25-year-old rider dies after being hit by a driver in Fairview

NE Halsey looking eastbound as it approaches Fairview.

Early this past Saturday morning at 2:02 am, 25-year-old Timothy James Zehner was hit and killed by a car user while riding his bike in Fairview, about three miles east of the Portland border.

Multnomah County Sheriff’s Office says it happened near the intersection of NE Halsey and Fairview Avenue. Here’s more from their official statement:

A witness reported that the driver had initially stopped, then quickly left the scene. A responding deputy spotted a vehicle that matched the description of the involved car and initiated a traffic stop. The driver was pulled over and was arrested. The driver is identified as 56-year old Robert Lee Wilson.  He was later lodged at the Multnomah County Detention Center. 

Wilson’s car. (Photo: Multnomah County Sheriff’s Office)

Paramedics arrived and pronounced the bicyclist dead on scene. Due to the severity and criminal nature of the crash, the East County Vehicular Crimes Team (VCT) was called to perform the investigation. 

Preliminary investigation shows that two bicyclists were riding eastbound on NE Halsey Street, approaching NE Fairview Parkway, when Wilson’s vehicle crossed into the bike lane and stuck one of the bicyclists.

In a follow-up email the Sheriff’s office yesterday, they confirmed with me that Wilson remains in custody and has been charged with aggravated assault, DUII, hit and run, and reckless driving.

NE Halsey is a major east-west arterial in this area. The bike lane in this location is unprotected and relatively narrow. It also merges across the adjacent traffic lanes before the intersection so that bike riders can be on the left of drivers prior to them making a right turn. It’s unclear what might have led up to this collision.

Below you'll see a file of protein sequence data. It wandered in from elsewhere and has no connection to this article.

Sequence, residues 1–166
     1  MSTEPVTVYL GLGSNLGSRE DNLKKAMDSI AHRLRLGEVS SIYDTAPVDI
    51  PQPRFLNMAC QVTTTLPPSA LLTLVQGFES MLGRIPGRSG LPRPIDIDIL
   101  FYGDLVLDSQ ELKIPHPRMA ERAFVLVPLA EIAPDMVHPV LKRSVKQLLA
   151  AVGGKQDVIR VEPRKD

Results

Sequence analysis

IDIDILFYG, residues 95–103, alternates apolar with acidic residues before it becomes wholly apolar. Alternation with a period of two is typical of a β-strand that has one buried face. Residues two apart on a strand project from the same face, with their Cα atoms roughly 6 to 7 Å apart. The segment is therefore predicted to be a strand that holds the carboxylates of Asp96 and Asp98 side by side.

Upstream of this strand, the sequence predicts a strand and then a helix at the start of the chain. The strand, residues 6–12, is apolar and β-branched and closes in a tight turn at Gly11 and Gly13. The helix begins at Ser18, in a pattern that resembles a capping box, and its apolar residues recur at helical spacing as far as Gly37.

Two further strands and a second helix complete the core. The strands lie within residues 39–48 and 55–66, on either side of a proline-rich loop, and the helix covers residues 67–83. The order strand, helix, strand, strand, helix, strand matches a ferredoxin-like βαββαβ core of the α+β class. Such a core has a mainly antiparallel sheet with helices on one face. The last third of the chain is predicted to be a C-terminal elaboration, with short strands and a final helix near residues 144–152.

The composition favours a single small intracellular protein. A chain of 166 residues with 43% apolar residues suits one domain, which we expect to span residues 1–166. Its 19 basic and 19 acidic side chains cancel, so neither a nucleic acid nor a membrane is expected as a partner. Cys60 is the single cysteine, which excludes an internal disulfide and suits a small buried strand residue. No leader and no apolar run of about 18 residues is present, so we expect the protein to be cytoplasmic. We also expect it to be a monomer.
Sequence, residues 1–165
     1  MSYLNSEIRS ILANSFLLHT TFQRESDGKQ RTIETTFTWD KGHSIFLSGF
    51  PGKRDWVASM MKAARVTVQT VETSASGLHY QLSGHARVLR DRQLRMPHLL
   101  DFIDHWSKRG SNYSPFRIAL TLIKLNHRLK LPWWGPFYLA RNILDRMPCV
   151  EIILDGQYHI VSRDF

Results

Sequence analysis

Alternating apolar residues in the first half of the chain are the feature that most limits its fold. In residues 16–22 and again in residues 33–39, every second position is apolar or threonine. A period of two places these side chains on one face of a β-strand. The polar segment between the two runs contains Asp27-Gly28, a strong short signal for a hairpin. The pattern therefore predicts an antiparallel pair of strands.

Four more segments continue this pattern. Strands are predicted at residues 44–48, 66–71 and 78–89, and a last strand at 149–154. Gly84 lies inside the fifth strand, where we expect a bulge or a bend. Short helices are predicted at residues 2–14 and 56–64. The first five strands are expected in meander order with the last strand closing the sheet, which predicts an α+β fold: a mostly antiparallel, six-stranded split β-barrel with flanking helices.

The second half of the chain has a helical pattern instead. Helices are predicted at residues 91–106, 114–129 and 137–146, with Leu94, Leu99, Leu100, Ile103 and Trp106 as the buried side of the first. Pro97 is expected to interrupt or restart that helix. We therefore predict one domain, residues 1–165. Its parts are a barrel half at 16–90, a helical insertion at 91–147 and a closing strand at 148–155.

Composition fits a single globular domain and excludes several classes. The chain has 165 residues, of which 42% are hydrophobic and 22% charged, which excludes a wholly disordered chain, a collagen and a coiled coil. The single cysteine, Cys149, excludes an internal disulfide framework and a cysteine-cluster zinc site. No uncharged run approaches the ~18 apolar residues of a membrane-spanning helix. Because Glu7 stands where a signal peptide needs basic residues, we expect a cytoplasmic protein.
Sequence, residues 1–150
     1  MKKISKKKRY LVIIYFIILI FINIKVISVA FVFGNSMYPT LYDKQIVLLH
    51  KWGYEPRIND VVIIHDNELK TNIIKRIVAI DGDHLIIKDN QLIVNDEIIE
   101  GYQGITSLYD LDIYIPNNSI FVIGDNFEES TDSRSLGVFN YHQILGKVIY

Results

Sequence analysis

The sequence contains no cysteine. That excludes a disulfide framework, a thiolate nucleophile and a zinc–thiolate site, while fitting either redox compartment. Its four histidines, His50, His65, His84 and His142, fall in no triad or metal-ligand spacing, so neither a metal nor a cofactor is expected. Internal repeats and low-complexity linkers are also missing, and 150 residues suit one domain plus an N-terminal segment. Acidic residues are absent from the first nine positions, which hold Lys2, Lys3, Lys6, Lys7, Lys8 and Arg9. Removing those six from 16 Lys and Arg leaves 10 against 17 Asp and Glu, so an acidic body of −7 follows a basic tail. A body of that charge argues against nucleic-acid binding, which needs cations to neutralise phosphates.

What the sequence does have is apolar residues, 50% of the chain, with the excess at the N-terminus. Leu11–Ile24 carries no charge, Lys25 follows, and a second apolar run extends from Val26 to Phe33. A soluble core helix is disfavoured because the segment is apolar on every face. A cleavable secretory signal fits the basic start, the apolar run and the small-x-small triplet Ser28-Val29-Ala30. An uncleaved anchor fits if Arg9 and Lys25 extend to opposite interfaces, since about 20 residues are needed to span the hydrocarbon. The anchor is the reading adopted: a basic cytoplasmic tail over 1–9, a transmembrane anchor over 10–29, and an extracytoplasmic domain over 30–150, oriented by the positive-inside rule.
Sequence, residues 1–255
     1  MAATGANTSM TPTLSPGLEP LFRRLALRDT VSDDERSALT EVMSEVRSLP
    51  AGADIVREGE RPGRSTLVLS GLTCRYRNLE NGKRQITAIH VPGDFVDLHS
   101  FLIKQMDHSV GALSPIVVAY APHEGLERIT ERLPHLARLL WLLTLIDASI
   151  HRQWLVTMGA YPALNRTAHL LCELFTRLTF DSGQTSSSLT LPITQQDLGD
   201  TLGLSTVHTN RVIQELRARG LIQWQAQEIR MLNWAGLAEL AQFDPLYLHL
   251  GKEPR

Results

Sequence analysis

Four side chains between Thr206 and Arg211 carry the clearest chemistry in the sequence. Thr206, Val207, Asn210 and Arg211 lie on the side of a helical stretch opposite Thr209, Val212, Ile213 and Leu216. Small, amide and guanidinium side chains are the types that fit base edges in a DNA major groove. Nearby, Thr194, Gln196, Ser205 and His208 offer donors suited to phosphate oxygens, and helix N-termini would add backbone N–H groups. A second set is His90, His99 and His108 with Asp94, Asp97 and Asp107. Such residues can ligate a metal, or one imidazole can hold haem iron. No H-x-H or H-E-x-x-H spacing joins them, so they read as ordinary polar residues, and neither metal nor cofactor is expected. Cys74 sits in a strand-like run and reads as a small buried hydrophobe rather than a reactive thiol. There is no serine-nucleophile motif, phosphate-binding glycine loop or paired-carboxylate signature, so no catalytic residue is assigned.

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David Hampsten
7 days ago

Question: What is the posted speed limit on this section of stroad? Are painted bike lanes appropriate for this posted speed limit?

idlebytes
idlebytes
6 days ago
Reply to  David Hampsten

35 but in some sections it’s 40. If people aren’t drunk and following the speed limit maybe it’s passable but it’s not great. I used to ride it all the time back in the day for my swingshift loading trucks, so I’d ride home around midnight each night. Nighttime riding is better in the sense that there’s less cars but I remember just riding in the gutter or hitting the sidewalk if I could when a car would approach me. Too many drunks this was before smartphones so at least I didn’t have to deal with that too.

https://www.google.com/maps/place/NE+Halsey+St+%26+NE+Fairview+Ave,+Fairview,+OR+97024/@45.5350054,-122.4341271,3a,75y,249.39h,72.93t/data=!3m6!1e1!3m4!1s10EURpsNdyVzggv6Wkuh_g!2e0!7i16384!8i8192!4m5!3m4!1s0x5495a2963871e9bb:0xff10f3e0a5b0ffb4!8m2!3d45.5350667!4d-122.433627

Chris I
Chris I
6 days ago
Reply to  David Hampsten

Posted speed limit doesn’t matter in east Portland. I routinely get passed by people doing 2x the posted limit on Halsey. It’s very possible that this driver was going 50+ mph.

Nick
Nick
7 days ago

Thank you for not using passive voice!

Jay Cee
Jay Cee
7 days ago

Big surprise no license plate

Todd/Boulanger
6 days ago
Reply to  Jay Cee

The may be a temporary paper license in the rear window on left.

Jay Cee
Jay Cee
6 days ago
Reply to  Todd/Boulanger

Cool I’m sure it’s totally current

Boyd
Boyd
6 days ago
Reply to  Jay Cee